I would take issue with Andrea’s speculation about the cause of death for Andrew Naylor, another athlete who competed in the race.  Yes, Mr. Naylor died during the swim portion of the race.  I’m not sure who Andrea was referring to in the article when he mentioned, “now we hear from people involved in the Ironman medical circles that the man who died after the swim likely died from SIPE.”  I certainly don’t know what caused Mr. Naylor’s death, but I’ve spoken with the medical director for the race and learned that his cause of death has not yet been determined.  I’m equally certain, though, that when all of the relevant testing is completed that we’ll hear from the medical examiner about the autopsy findings and conclusions that can be drawn about the cause of death.

Another recent account comes from a triathlete who competed in my hometown race, the Heatwave Classic Triathlon in June.  This athlete shared his story at Slowtwitch and I’ve since had a chance to speak with him about his experience on race day.  As you’ll read, this is an accomplished open water swimmer who had a very uncharacteristic problem with breathing during the 1/2-mile swim at the event.  He was unable to continue the race after completing the swim, received medical attention at the race venue, but did not immediately go to the hospital for further evaluation.  He shares his story with subsequent evaluation that led to a diagnosis of exercise-induced asthma.  I bring this athlete’s story to your attention simply to point out that there are many possible explanations for new breathing difficulties.  In my view, breathing problems should be evaluated carefuly to determine a cause.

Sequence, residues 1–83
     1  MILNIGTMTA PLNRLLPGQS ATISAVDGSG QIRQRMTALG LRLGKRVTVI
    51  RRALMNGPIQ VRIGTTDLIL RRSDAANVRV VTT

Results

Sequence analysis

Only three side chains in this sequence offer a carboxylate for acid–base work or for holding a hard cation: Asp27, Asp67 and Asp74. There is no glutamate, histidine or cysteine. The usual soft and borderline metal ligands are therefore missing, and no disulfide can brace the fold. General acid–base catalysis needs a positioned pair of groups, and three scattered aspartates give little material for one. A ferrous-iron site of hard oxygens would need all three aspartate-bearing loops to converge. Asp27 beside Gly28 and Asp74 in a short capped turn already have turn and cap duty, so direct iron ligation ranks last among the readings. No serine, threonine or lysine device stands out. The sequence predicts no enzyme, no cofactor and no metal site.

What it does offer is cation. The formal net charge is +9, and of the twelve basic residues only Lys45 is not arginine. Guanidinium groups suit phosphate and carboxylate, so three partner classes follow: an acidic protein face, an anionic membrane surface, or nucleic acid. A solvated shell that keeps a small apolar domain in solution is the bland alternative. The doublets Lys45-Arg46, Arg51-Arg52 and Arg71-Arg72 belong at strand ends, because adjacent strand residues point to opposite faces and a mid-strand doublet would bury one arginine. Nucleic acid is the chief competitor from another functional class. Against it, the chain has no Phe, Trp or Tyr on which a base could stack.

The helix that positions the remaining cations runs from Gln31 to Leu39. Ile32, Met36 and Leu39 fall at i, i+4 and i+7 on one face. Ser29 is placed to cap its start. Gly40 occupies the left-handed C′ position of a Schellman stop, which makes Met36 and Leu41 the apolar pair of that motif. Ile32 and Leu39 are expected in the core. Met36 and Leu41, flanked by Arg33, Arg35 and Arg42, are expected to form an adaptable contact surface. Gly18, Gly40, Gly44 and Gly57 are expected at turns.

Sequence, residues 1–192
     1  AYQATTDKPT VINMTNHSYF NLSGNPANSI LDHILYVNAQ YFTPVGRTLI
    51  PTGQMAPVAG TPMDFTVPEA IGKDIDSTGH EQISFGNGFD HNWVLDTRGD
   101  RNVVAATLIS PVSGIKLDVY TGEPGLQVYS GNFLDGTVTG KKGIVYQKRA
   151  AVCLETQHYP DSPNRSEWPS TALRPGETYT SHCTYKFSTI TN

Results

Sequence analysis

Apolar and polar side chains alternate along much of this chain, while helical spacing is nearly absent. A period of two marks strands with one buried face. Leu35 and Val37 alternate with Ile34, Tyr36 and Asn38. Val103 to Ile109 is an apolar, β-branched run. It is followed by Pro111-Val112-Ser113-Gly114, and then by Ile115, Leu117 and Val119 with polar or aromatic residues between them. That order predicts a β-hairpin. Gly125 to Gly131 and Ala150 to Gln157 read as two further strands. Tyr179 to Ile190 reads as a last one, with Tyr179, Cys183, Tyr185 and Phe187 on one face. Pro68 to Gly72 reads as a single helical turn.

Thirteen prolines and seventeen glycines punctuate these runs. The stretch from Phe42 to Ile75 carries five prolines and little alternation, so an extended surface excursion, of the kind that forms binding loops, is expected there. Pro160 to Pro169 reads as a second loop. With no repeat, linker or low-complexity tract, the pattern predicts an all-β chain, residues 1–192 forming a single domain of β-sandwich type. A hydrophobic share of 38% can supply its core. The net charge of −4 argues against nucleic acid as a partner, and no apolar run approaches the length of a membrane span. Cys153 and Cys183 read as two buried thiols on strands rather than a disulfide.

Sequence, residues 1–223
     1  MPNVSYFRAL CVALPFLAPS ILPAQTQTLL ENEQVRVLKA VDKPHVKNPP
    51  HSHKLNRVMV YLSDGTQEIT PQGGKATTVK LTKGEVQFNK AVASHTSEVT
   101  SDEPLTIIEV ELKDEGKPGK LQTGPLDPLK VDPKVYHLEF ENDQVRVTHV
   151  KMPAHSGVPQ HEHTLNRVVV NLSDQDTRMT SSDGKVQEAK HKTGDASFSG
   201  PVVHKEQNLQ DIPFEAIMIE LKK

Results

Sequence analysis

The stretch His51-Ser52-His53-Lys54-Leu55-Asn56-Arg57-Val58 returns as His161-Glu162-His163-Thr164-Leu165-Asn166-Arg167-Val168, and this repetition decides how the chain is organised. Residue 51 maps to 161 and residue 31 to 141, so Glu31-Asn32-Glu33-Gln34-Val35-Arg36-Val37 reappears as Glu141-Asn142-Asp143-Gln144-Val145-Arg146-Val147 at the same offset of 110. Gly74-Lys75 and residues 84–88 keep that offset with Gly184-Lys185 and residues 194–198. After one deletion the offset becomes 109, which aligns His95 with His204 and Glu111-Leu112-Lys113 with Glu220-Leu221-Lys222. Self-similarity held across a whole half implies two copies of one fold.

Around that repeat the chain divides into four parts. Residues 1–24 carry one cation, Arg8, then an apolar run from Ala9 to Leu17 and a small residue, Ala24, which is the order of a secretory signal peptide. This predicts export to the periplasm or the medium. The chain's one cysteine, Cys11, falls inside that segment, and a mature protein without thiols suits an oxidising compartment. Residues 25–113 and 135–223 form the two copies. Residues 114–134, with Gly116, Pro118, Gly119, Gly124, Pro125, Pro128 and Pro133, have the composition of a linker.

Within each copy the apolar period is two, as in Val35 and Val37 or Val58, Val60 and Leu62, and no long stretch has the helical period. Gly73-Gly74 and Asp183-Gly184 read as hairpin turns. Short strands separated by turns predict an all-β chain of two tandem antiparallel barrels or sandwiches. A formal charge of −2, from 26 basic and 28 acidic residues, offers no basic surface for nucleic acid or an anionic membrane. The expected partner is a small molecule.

My Thoughts and Observations

1.  Triathletes and open water swimmers should be aware of SIPE and the possibility that this condition can be lethal.

2.  Symptoms of SIPE can manifest for the first time even in experienced swimmers.  Symptoms may develop rapidly, be unexpected, and confuse the athlete about the cause.

3.  The development of SIPE does not appear to be confined to cold water swims or only to victims who are wearing a wetsuit at the time.

4.  SIPE appears to be self-limiting–that is, the symptoms will subside if the victim stops exercising and gets out of the water.

5.  Because of #2, #3, and #4, athletes who experience breathing difficulties in the open water should treat the problem like a medical emergency and STOP swimming and SEEK immediate assistance.  Because of the challenges of rescue in the open water, your life could depend on recognizing a problem early and getting out of the water.  I would encourage affected athletes to get complete medical evaluation as soon as possible after an episode.

6.  There appear to be no effects on lung function after an episode of SIPE, but repeat episodes of SIPE may occur.